modicum of better understanding.
The President indicated his
main difficulty was when Zhukov
said "You tell a person he can



"Now How Do I Keep The Goose That Lays The Golden
Eggs From Killing Me?"
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0'9s? 'r'E KA4rO-pJ a~Sr- ..

'Peter Pan' Charming Musical
Adams announced t th eue

TN A RECENT campus speech, Ambassador
U Win of Purma reaffirmed his country's
disappointing policy of neutrality.
Win represented this course as one hoping
to further the cause of world peace. It is a
commendable notion but is oblivious of reali-
Burma is not an island nation, like the
SEATO-member Philippine Republic. It is not
separated from hostile frontiers by comfortable
stretches of real estate, as in un-neutral Spain's
good fortune. It is essentially a peninsula like
Korea, with Red China at one vulnerable end
and Malaya's strategic wealth at the other.
It cannot bask in the protection of. a strong
friend close at hand, for India is in'the same
neutraljeague. It has not the maturity, and is
too much 'a focus of conflicting interests to
win the world's respect for its neutrality. It
cannot hope to be a Switzerland of the East.
And if nothing else serves as a warning to

Burmna, Indonesia's spasms with Communist
infiltration should signal that unwaning threat.
BURMA cannot afford the luxury of neutral-
ity. It has neither natural defenses, armed
forces, nor any effective committments against
invasion. A rice-surplus region, it is a supreme
enticement to a Red China faced with a criti-
cal land squeeze. It is Red China's corridor to
India, to Thailand's exposed Burma frontier,
to Singapore and Indonesia. Neutrality; is an
This vacuum should be a matter of concern
not only to Burma but to all her neighbors. It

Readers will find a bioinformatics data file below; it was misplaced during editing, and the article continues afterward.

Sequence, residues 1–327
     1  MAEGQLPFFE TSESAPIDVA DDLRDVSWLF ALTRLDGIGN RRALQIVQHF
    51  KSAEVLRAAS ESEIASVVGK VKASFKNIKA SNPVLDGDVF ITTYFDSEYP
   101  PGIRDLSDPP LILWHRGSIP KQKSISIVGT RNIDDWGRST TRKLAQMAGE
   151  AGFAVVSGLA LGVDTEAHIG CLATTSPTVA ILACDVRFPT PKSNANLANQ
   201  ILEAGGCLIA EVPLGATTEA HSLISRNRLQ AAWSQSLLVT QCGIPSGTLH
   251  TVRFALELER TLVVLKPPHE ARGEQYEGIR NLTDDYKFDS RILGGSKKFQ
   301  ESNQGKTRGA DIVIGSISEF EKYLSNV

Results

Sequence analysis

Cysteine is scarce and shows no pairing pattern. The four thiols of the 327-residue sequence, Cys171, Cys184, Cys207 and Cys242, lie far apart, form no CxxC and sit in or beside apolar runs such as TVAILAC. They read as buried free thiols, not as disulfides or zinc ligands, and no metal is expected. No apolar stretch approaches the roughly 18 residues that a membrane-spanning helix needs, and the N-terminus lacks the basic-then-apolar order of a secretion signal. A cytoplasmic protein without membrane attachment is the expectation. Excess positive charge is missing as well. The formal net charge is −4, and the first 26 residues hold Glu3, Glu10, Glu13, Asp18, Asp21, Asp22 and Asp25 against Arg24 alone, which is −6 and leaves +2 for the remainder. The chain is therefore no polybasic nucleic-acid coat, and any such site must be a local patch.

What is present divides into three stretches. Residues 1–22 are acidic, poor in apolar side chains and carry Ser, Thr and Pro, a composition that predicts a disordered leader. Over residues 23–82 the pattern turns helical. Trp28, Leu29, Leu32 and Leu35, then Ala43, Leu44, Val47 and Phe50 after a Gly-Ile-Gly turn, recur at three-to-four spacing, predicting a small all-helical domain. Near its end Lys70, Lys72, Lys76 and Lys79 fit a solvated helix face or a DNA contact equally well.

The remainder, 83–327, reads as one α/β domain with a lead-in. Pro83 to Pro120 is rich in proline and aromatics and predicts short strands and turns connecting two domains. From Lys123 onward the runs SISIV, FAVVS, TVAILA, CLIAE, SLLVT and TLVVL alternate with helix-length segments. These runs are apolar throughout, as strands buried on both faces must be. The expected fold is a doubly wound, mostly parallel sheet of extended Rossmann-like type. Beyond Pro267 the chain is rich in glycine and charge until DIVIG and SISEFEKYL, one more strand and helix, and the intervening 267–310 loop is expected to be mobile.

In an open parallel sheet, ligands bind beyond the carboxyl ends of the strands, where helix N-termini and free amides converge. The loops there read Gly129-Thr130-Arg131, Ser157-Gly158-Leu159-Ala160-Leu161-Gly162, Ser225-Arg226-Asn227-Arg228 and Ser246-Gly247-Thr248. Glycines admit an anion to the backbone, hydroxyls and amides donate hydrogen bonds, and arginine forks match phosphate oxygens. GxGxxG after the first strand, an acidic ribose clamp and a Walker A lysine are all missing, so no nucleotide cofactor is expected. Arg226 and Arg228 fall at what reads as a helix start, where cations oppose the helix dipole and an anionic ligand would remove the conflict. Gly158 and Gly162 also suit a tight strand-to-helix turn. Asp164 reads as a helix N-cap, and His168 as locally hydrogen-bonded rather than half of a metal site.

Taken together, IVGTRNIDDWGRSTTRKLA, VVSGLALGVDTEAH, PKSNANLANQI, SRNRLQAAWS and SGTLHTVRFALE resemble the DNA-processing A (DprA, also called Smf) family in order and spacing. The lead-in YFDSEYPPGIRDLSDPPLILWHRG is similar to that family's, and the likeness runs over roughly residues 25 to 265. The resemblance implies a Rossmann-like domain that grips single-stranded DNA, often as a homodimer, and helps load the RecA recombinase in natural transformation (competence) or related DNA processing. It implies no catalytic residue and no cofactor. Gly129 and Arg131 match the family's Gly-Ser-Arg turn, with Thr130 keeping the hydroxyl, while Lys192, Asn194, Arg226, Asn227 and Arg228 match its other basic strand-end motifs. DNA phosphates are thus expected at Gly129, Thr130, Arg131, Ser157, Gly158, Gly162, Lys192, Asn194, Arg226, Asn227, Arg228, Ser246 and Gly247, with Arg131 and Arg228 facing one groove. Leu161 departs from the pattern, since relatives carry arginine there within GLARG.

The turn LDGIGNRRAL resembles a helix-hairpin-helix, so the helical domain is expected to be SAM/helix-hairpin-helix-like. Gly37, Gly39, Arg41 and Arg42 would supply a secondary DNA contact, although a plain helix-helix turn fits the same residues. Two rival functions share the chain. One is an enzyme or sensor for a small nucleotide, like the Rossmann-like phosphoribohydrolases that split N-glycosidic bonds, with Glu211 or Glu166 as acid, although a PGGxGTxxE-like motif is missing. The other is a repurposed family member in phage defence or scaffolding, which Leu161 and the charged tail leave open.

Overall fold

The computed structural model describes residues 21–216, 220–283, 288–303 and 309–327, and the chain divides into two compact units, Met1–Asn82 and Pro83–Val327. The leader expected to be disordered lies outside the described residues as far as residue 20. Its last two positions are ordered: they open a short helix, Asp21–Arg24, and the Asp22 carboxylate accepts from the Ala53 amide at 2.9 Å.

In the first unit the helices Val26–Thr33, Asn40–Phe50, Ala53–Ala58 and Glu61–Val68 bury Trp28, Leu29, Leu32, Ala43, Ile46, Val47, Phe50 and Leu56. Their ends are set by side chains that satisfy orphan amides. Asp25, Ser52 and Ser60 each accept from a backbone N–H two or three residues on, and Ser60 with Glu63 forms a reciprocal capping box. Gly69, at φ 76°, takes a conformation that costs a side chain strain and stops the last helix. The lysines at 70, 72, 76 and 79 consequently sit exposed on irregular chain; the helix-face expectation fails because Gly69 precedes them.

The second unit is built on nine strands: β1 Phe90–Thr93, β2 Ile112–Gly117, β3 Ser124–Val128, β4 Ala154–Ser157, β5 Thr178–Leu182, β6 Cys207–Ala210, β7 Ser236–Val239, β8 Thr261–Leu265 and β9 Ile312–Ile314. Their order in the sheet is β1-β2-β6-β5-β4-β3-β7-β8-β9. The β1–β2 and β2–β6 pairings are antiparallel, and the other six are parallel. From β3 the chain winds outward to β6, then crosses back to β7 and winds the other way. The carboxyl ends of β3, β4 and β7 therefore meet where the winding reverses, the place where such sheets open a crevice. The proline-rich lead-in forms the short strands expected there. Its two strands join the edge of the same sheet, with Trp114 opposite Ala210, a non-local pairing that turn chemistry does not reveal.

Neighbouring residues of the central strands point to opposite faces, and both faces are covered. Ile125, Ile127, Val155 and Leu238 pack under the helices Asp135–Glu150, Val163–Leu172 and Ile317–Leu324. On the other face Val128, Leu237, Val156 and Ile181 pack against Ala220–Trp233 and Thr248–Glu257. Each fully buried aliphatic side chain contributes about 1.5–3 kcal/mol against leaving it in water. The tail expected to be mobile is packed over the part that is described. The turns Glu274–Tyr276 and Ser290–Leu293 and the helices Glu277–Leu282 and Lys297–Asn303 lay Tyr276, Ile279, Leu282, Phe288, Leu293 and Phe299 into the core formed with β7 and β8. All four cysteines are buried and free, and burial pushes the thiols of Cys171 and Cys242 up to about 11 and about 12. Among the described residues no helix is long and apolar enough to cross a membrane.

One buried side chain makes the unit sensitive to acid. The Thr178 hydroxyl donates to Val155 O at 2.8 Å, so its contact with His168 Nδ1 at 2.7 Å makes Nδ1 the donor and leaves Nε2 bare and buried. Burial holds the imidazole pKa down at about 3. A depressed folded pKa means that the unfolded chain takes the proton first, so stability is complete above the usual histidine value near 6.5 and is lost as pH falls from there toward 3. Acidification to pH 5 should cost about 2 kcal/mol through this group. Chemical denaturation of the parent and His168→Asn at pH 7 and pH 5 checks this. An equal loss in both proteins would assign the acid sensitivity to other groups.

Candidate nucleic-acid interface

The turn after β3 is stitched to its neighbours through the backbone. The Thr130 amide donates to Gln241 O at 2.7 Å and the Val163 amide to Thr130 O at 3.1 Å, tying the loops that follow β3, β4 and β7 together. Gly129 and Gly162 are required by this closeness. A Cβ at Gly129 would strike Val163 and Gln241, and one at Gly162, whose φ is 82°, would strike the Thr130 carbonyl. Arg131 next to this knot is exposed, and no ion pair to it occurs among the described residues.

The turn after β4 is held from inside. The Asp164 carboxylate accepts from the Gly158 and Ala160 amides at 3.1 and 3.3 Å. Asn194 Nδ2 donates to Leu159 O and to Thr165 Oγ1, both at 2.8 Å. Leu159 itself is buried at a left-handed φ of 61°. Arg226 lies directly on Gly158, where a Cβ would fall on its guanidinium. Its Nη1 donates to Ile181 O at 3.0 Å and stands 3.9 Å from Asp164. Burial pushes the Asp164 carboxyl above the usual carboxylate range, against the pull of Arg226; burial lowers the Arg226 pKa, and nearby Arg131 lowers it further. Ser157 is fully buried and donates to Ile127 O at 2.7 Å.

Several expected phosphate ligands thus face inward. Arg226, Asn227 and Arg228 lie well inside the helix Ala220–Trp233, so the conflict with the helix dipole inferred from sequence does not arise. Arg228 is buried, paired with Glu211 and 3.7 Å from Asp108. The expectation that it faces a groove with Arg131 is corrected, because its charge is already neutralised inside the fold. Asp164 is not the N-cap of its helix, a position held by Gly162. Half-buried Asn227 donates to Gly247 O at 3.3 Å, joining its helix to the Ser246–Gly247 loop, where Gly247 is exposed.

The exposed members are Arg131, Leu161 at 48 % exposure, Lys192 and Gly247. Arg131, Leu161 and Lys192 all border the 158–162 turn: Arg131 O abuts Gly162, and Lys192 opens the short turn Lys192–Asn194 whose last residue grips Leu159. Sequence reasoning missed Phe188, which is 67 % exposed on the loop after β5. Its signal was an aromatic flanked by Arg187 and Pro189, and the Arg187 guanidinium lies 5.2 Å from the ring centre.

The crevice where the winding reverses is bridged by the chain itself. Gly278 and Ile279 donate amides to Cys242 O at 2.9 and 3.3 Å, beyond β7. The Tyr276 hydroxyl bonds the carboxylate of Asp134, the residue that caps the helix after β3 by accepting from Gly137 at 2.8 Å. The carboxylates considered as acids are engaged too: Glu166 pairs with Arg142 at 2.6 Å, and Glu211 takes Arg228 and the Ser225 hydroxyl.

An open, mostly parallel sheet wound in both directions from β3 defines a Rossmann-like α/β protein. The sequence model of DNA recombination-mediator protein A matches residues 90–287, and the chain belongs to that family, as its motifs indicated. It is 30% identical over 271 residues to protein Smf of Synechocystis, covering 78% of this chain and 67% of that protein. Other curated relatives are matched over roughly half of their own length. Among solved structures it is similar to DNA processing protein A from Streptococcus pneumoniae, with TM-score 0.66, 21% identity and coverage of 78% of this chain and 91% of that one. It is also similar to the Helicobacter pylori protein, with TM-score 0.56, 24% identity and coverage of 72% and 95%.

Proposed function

could be overwhelmed in a matter of days, or
be crumbled from within by "agrarian reform-
ers" in the span of a few crop failures.
The United States stands, willing and ready
to give help. Burma should stop thinking wish-
fully and take it. That would be a step in coun-
tering threats to the world which even Burma
cannot deny exist.

SIR JAMES M. Barrie's enchant-
ing story about Peter Pan and
the Lost Boys of Never - Never -
Land and their search for a mother
,has opened at the Music Circle
Theater in northwest Detroit for
a one-week run.
This show is what has come to
be known as the Mary Martin ver-
sion of theaplay-a musical version
of the children's classic in which
Miss Martin starred on Broadway
and, later, in a memorable TV
All the magic of the show has
been kept intact under the direc-
tion of Milton Lyon, who has suc-
cessfully adapted the fast-paced
make-believe adventure to a thea-
ter-in-the-round presentation.
The illusions created by pirates
and Indians, crocodiles and nurse-
dogs, were constantly sustained
and were applauded throughout
the evening by children and adults
The most exciting illusion of the
show, of course, is the spectacle of
Peter flying about to the delight
of the Darling children, Wendy,
Michael and John, and teaching
the three in turn the secret of
soaring. When the children took
to the air, crying and shouting
with delight, the audience took off
with them in spirit and broke into
spontaneous hand - clapping ac-
claim at the sight.
These aerial wonders were the
doing of Briton. Peter Foy who
performed the same service in
Mary Martin's "Peter Pan." Foy's
"backstage" contribution to the
show was as great as any other
single one in achieving the nos-
talgic Barry mood.
* * * '
played a pixyish Peter to perfec-
tion. Roy Irving, a talented and
pleasant fellow in any guise, was
the lovable old scoundrel and
would-be pirate, Captain Hook.
And lovely Betty McNamara,
whom we shall hate to see shift
up to Flint for two weeks, was the
wig e-eyed, adorable Wendy who
became the mother to the Lost
Boys (little chaps who fell out of